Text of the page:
Please read my 3 days return policy at the bottom of the page.Yamaha Nippon Gakki NO G160  This guitar was made between years 1964-1966. It has an industrial standard mark printed on its label. This mark was mandatory on Japanese made industrial product labels from 1963 until 1967. Yamaha NO G160 is an all solid woods model that, has very little in common with G models launched by Yamaha in 1967. During years 1967–1972 only the top G model G170A had solid Spruce top. During years 1967-1970 Yamaha top models were GC3 (Solid Spruce/Solid Indian Rosewood), GC5, GC7 & GC10(all 3 models with Solid Spruce tops and Solid Brazilian Rosewood b/s). Models NO G replaced earlier NO models. Models NO G had more Spanish body outline, “onion” style headstocks and new design label (used by Yamaha for several years). The lowest in the NO G model lineup was NO G50. Most likely it was all laminated model. It was followed by No G60, NO G 80, No G100, No G120, NO G160, No G180 and NO G300. No G100 & No G120 were made with Solid Spruce tops and solid maple b/s finished with reddish or brownish tainted lacquer. Models NO G160 and NO G180 were made with Solid Spruce tops and solid Indian Rosewood b/s. The high end luxurious model NO G300 had Solid Spruce top and Solid Maple b/s, finished with clear high gloss lacquer, different headstock and some ornamental extras. Despite their “ordinary” looks these were quite “extraordinary” instruments. They were quite expensive too. In 1965 the Starting Yearly salary of Japanese College Graduate was 19 600 yen. Model NO G160 was priced 16 000 yen.  This particular guitar despite its age of 50+ years remains in at least very good condition for its age.  It has several small dents, light scratches and abrasions on its body. Only few of them can be described as conspicuous. This guitar however remains in excellent structural and working condition. The only “flaw” is that original tuners work rather tight. Since they have 35 mm roller spacing can be easily replaced with newer ones if you wish. It is undeniable beautifully sounding instrument that only confirms old proverb “don’t judge the book by its cover”. It sounds super sweet and charming, with lots of resonance, colors, overtones and impressive sustain. It’s loud, very responsive, and its notes are very well separated. It will surely satisfy the most demanding listener. It also plays so easy, that will satisfy the least skilled player.  Believe it or not, if you’d like to purchase a comparable grade brand new “hand made in Spain” instrument on US market you need spend at least $3000.   Specifications:  Top: SOLID AAA GRADE YEZO SPRUCE with 7 braces fan/lacquerBack & Sides: SOLID INDIAN ROSEWOOD (lacquered on both sides)Fingerboard: STRIPED INDIAN EBONY OR EBONIZED ROSEWOODNut and saddle: BoneScale: 658 mmNut width: 52mmCurrent action is set to 3.50 mm under E6 and 3.00 mm under E1, with very little margin left on the saddle. Guitar will be shipped in used hard shell case still usable, but of a minimal value.   Real Value of Japanese Vintage GuitarsThe key to understand value of vintage Japanese guitars is to acknowledge galloping devaluation of Japanese yen in 1960s & 1970s. This devaluation was somewhat slower in 1980s. The best measure of this devaluation is Starting Yearly Salary of Japanese College Graduate (SYSJCG).SYSJCG in 1965 was 19 600 yen, in 1969 – 34 600 yen, in 1970 39 200 yen, in 1972 – 62 300 yen, in 1975 79 200 yen, in 1977 86 200 and in 1980 - 123 000 yen.During 1960s and most of 1970s model numbers of Japanese guitars were strictly interconnected with their prices in Japanese yen. In late 1970s and during following decades model numbers were no longer strictly associated with their prices. Many Japanese guitar makers introduced model names instead of model numbers. Others were still using model numbers with addition of letter abbreviations or other symbols. The best and only logical approach while evaluating real value (real grade) of vintage Japanese guitar is to compare its price in Japanese yen with SYSJCG during the year guitar was made.Any guitar priced 100 000 in 1970 (labelled usually as No10) would be priced 200 000 yen in 1975 (relabeled to No20 or 2000), 300 000 yen in 1977 (labelled as No3, No30 or 3000). Starting in 1977 Masaru Kohno introduced his new models No40 priced 400 000 yen and No50 priced 500 000 yen. By 1984 Kohno started using model names instead numbers and was raising their prices as he was pleased. Model 50 became model “Maestro”, model 40 became model “Special”, model 30 became model “Professional-J”. Naturally other Master luthiers were doing the same name/price changes.Knowing all of that, you can bet on that Masaru Kohno No50 made in 1982 is practically the same grade instrument as Kohno No20 made in 1972, or Kohno no 30 made in 1976. Kohno No40 made in 1982 is exactly the same grade instruments as Kohno No15 made in 1972 or Kohno No20 made in 1975.  It is very important to mention that if modern era luthiers are using 40 years old woods to make a classical guitar, its price is at least $8000.ReturnsIf you are not happy with your purchase you may return the guitar for a full refund of original payment less any shipping charges. All you need to do is:1.    Notify me within 48 hours after receiving the guitar.   2.    Pack guitar the same way I do it, using the same box and materials and ship it back to me within 24 hours after "return notification". Naturally if you expect to receive a full refund, guitar has to be returned in the same condition as I ship it to you. P.s. If you'd like to check my "modest" playing skills click on the links below:http://youtu.be/ExVwfhLy1gQhttp://youtu.be/XNdeSWxb2nUhttp://youtu.be/mecVgriaKJ0http://youtu.be/O9ErnhZhDxwhttp://youtu.be/ceVTybPnq7chttp://youtu.be/Zyz8eZeTSRQhttp://youtu.be/T8bkPi4jhsshttp://youtu.be/W1FaCjodgZM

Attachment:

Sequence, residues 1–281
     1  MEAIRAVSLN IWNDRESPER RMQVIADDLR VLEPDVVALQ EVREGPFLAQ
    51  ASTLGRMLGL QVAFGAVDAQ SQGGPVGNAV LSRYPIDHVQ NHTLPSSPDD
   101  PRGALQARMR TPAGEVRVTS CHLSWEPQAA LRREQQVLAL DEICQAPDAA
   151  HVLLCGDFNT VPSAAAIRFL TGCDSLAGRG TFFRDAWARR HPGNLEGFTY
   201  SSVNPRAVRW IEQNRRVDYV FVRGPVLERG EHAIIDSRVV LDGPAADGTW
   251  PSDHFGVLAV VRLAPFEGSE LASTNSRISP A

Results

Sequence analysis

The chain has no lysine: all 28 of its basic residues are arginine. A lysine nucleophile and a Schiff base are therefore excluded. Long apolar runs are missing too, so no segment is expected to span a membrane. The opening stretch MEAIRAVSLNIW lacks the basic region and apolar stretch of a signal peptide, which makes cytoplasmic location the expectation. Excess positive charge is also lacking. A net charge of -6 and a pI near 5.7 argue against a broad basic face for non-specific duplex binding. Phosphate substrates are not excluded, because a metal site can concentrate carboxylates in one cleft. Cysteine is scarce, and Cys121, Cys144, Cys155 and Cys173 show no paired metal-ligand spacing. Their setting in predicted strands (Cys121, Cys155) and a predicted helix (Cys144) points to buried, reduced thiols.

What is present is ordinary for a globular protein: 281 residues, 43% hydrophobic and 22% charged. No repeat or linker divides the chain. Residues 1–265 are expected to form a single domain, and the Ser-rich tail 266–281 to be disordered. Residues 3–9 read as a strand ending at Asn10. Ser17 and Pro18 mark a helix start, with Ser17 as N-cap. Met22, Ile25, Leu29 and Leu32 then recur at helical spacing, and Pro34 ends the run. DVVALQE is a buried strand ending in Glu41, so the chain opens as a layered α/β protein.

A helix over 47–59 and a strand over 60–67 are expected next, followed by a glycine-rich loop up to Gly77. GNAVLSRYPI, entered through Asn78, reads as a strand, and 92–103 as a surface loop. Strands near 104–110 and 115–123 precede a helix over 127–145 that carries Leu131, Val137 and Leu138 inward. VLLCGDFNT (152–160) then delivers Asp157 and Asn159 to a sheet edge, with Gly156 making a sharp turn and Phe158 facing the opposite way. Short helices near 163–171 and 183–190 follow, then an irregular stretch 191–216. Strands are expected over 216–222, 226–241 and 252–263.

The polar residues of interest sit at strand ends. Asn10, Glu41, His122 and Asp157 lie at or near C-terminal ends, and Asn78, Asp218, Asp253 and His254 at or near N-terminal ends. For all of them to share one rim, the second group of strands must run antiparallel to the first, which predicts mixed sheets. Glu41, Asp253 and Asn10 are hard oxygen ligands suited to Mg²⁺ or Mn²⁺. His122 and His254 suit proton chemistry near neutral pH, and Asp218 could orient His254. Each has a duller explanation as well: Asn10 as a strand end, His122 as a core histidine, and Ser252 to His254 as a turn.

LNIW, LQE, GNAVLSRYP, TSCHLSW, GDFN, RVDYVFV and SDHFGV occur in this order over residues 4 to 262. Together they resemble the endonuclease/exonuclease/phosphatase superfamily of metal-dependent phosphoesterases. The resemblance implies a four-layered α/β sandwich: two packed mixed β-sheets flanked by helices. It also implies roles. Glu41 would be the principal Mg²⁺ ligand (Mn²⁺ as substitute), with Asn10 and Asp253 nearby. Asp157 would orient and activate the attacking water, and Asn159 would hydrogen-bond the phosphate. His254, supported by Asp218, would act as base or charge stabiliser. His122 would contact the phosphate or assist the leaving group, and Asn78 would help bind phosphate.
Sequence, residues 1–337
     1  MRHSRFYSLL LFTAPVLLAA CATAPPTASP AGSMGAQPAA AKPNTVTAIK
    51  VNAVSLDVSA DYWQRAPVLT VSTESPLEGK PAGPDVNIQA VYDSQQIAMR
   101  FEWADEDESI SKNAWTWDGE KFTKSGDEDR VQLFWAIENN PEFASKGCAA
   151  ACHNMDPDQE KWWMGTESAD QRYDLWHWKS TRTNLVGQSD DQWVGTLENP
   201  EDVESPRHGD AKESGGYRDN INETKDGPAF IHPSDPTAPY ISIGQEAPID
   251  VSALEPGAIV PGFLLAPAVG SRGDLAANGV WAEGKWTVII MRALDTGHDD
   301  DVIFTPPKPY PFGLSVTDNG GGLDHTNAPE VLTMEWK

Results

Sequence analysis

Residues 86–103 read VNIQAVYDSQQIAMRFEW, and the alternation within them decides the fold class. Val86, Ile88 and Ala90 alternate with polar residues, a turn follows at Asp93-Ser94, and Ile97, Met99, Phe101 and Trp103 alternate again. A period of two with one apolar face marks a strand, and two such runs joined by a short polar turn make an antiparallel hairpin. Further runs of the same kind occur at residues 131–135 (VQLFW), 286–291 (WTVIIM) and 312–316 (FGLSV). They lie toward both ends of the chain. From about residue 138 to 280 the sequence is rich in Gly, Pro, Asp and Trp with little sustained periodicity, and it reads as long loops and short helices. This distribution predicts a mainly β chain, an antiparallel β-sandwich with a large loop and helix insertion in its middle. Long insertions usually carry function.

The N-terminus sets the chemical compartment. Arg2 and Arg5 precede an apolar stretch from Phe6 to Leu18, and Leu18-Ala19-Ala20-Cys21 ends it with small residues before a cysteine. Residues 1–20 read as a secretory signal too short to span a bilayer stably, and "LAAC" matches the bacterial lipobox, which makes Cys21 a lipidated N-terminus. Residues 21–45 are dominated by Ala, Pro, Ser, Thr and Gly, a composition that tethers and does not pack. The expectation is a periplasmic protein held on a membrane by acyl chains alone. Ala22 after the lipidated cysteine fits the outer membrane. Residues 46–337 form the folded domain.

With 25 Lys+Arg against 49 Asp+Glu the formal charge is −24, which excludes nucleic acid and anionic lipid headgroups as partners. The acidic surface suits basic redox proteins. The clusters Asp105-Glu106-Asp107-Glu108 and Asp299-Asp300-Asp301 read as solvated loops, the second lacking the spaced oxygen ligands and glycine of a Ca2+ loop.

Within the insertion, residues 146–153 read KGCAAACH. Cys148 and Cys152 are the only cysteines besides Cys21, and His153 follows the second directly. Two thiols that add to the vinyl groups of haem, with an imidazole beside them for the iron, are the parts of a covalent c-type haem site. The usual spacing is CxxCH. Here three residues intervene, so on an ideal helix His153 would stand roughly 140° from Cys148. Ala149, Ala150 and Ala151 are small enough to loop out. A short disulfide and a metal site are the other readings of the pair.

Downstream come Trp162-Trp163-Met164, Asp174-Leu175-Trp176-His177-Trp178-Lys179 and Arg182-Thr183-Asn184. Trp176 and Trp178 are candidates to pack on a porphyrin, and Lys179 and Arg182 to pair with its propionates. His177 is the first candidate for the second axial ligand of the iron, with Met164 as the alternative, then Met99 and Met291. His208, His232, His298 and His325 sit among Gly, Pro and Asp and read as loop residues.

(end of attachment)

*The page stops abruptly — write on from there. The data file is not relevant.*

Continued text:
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  • $800.00